So, the salt flats are well, salty.  Although driving across the flats and getting those pics of us and Juanita would be great and sleeping under the stars there would be amazing it’s not what we did.  We want to bring Juanita home and hopefully travel in her for a few more years.  She deserves better than to have salt and salty water in all her little crevices.  Some people say it’s fine, you get the underside of your van sprayed with diesel and then washed afterwards.  We weren’t happy with this, you also hear from some that as water is in short supply (Uyuni is in the desert)the places that wash vehicles recycle salt water!  So we don’t have those photos but we had a fun day out on the salt in someone else’s 4×4.

The graveyard of old trains previously used to ship salt out of Uyuni.

Salar de Uyuni, approximately 11,000 sq kms, the largest salt flats in the world.

Sun glasses and sunscreen were definitely required.

The Dakar passed through here in 2015.

There had to be a couple of silly shots!

Quite stunning.

We have seen such a lot of cactus on this trip but this is the first time we have seen the wood used to make things.

Furry forecourt attendant.

We decided to spend our last few days travelling the Laguna route between Bolivia and Chile.  It is all dirt road and some travellers we had met had said Juanita didn’t have enough clearance and we shouldn’t attempt it.  Anyway more people who’s judgement seemed sound said we would probably be OK if we took it slow.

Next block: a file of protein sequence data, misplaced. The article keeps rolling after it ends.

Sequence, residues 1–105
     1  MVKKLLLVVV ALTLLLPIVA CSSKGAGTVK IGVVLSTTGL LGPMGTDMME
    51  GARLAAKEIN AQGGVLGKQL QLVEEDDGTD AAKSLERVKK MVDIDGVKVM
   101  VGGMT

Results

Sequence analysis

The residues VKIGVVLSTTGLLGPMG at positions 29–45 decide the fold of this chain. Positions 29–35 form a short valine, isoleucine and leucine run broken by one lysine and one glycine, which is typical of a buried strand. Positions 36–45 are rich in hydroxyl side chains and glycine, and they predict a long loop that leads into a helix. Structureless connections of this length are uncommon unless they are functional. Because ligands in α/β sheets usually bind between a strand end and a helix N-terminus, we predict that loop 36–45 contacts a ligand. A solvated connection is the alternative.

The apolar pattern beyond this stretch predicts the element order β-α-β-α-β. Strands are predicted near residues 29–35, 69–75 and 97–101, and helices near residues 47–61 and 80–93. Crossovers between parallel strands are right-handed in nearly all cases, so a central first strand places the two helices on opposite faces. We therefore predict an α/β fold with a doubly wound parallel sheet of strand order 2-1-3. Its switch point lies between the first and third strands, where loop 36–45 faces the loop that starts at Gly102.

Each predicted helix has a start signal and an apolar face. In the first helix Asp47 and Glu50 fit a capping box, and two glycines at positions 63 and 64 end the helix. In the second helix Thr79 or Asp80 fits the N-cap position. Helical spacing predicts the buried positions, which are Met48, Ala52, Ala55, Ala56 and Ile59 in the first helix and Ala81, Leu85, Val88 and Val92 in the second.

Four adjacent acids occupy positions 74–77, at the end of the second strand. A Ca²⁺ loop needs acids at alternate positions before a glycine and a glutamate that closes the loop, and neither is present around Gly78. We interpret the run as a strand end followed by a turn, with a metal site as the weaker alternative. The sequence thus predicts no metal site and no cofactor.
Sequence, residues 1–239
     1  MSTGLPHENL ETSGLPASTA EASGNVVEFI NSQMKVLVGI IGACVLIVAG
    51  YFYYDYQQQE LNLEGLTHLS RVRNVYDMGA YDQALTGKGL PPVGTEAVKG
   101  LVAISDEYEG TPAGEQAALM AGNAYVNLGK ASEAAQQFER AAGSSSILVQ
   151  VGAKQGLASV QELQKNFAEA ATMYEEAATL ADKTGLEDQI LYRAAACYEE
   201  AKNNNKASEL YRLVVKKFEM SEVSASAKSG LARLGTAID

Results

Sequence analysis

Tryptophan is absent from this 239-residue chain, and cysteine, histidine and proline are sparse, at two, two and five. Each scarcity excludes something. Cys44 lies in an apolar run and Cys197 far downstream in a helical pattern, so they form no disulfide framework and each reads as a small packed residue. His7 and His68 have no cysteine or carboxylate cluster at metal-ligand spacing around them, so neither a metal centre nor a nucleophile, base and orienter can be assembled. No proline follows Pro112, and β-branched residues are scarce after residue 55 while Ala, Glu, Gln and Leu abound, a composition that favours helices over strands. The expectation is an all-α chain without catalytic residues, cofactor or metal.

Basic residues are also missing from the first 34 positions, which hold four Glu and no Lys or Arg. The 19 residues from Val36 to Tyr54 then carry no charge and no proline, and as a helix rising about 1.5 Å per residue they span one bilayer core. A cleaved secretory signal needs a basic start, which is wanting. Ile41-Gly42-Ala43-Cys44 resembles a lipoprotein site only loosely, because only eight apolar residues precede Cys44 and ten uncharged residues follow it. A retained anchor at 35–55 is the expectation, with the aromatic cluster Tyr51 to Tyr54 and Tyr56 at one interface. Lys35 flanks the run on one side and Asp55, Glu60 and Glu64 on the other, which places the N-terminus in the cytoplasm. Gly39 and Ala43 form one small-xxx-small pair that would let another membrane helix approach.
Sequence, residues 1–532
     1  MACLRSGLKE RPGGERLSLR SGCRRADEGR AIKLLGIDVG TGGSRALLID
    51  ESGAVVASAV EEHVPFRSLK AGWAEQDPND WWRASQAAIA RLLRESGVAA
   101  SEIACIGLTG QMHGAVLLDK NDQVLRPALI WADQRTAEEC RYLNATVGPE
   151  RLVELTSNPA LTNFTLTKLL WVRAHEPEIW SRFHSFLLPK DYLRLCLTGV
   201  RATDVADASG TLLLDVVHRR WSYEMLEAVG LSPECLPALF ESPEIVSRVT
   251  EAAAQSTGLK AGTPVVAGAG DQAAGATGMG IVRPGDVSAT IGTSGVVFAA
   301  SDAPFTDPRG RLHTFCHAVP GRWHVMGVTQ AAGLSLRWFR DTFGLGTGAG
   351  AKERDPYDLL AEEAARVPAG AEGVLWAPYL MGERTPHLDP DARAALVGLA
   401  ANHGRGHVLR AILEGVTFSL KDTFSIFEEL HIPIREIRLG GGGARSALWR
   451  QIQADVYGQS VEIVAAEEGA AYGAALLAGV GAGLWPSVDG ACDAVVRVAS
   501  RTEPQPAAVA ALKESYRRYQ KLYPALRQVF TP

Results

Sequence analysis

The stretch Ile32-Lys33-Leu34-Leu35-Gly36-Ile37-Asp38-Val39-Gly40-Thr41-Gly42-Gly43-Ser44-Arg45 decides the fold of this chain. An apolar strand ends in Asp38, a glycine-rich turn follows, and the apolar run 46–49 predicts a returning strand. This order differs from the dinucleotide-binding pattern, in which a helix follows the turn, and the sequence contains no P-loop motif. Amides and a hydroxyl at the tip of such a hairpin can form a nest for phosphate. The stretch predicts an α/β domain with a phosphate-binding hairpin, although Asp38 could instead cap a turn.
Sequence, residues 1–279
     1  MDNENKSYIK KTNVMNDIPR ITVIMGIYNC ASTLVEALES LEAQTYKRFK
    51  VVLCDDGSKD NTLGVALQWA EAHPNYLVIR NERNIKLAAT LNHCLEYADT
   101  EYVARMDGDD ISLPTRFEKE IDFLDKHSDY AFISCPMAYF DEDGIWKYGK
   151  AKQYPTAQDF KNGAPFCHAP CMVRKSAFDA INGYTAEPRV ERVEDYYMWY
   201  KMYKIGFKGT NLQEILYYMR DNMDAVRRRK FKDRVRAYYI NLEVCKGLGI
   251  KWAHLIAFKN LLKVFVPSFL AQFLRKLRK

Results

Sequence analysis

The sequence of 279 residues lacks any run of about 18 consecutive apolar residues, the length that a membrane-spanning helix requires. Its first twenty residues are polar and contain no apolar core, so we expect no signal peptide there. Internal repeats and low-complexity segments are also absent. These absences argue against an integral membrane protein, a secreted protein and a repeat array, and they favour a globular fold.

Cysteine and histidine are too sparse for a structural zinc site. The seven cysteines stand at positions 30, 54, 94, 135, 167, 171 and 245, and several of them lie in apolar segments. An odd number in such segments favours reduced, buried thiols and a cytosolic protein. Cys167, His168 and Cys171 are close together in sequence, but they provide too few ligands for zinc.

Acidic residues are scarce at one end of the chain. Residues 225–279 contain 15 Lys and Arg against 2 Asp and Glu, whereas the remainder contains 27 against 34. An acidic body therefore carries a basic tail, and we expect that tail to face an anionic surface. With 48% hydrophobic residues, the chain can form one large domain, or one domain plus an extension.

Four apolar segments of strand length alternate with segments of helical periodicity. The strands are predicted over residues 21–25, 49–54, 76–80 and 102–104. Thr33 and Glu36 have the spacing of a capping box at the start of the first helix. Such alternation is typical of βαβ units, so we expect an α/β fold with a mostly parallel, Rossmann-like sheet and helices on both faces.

Our first night’s camping spot.

The same stream the next morning, a little icy.  The temperature gauge inside the van read -8.5c!

Laguna Colorado, borax makes some areas white and algae makes some areas red. Continue reading “Bye bye Bolivia-Day 340 (23,920 miles)”

Ruta Che, Spanish school and socialising – Day 331 (23,483 miles)

Our plan had been to spend less than 30 days in Bolivia, we reckoned on travelling around 1500 km to cover what we wanted to see so considered this to be plenty of time.  But if you can’t change your plans when travelling like this when can you?  So we headed an additional 400km east to the small town of Samaipata to meet other travellers at a Horizons Unlimited get together.

Nice views to begin with.

Ruta 7 had been badly damaged during the 2015/16 rainy season and is still being repaired, this plus fast detoriating weather conditions extended our 7 hour journey to 11 hours.

Not much of a view.

Then they closed the road for 2 hours.?

Still, it was worth the journey.  Back in 2011 we met our friend John RTW at a Horizons Unlimited meeting in Chiang Mai and had some good times travelling with him in Thailand, Laos and Cambodia.  John has continued to travel since then, so glad we managed to catch up with him on this continent.